When Greg Ballard first got elected Mayor of Indianapolis in 2007 he was dubbed by one of my media colleagues as “the accidental mayor.” The logic behind the name was that Ballard only beat incumbent Mayor Bart Peterson because of high property taxes, crime and a 65-percent County Option income tax increase. Fast forward four years later.
Facing a political climate that was perfect for a Democratic victory (a popular Democrat, a county that was trending Democratic by at least 10 points, and early voter advantage by Democrats, allegations of racism and 70 degree weather and sunny skies) Ballard did something very people thought he was capable of doing, he won a second term.
Not only did he win, but he did it with crossover appeal. Although Marion County Democrats had a straight-ticket voter advantage of 54-34, Ballard beat Melina Kennedy, 51-47. How did it happen? There were a number of factors.
The polls showed while Ballard had a 11-point lead (44-33) over Kennedy, there were 21% undecided and the undecided voters broke along traditional lines, 2-to-1 for the challenger. That put him at 51-47, exactly the way the vote totals turned out. It was also interesting to note that while there were 12,000 more straight ticket Democratic voters than Republican, Ballard won by 8,100 votes. That means that a lot of Democrats crossed over. Why? A coalition of African-American businessmen and pastors came to the Mayor’s rescue.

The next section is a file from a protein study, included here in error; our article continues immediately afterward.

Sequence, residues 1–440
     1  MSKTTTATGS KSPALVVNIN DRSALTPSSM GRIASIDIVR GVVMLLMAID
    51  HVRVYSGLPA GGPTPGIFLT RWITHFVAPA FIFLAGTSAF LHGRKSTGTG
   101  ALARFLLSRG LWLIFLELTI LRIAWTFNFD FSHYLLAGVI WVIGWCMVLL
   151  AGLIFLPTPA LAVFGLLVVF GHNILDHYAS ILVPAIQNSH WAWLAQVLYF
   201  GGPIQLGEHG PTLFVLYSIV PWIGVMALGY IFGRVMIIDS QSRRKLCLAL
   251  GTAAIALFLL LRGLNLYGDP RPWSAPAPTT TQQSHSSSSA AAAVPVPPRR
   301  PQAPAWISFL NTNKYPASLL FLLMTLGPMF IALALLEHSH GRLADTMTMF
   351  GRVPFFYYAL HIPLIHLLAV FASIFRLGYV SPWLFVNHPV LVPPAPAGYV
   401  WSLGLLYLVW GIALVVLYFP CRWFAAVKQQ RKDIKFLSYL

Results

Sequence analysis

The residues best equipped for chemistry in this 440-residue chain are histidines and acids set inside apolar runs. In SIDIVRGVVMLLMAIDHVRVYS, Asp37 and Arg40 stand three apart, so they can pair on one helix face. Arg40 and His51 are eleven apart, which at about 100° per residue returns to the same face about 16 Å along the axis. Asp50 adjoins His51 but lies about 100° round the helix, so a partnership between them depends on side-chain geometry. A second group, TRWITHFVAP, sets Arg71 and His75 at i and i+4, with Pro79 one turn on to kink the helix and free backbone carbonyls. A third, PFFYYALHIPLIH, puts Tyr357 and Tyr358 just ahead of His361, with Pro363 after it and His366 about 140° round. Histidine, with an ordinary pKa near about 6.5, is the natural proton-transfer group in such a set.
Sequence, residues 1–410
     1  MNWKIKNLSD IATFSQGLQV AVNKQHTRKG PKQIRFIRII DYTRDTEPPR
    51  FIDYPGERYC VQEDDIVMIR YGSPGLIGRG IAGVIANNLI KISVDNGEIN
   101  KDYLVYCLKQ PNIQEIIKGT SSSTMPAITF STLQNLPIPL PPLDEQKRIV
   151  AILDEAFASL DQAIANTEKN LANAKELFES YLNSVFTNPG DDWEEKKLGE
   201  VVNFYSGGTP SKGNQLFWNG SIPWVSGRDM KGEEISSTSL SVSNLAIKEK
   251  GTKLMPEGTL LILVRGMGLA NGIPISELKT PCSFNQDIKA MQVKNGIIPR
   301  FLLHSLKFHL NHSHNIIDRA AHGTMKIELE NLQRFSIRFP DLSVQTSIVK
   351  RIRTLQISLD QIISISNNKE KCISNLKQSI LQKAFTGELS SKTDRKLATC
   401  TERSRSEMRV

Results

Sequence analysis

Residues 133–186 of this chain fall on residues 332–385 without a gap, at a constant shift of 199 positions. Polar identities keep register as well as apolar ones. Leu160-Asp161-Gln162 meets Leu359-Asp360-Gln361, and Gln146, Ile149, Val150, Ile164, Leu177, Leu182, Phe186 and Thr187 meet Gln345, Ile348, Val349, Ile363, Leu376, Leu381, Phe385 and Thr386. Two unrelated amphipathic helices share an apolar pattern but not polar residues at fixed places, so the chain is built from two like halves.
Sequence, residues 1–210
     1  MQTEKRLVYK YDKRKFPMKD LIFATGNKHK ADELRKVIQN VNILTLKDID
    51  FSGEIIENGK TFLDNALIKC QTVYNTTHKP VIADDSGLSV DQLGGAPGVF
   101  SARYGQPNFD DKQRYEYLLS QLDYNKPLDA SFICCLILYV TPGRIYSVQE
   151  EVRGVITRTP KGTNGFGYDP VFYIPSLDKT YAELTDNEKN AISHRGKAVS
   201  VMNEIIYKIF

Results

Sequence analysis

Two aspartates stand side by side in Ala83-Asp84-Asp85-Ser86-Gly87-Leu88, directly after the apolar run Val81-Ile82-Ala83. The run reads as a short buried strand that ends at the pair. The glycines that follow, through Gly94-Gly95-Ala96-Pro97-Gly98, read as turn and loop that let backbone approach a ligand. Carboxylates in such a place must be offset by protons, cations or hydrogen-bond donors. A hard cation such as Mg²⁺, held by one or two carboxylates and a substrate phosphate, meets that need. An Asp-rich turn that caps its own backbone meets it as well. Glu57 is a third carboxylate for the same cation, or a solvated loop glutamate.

Despite the best efforts by the Baptist Ministers Alliance who accused the Mayor of being racist, Ballard won because the coalition went out into the neighborhoods and communities and counteracted the allegations that the Mayor was racially insensitive. Also by doing this, the ministers and businessmen have given Republicans a winning formula for Marion County.
It also didn’t help that Kennedy was an unlikeable figure.
Of course the Mayor will have to contend with a Democratic-controlled council (16-13) however, there isn’t much Ballard won’t be able to accomplish by appealing to the Indiana General Assembly, which ultimately has more authority than the City-County Council.
So while, Ballard’s first election might have been considered an accident by some, the second time was definitely no accident. In fact, one could argue that it was done on purpose.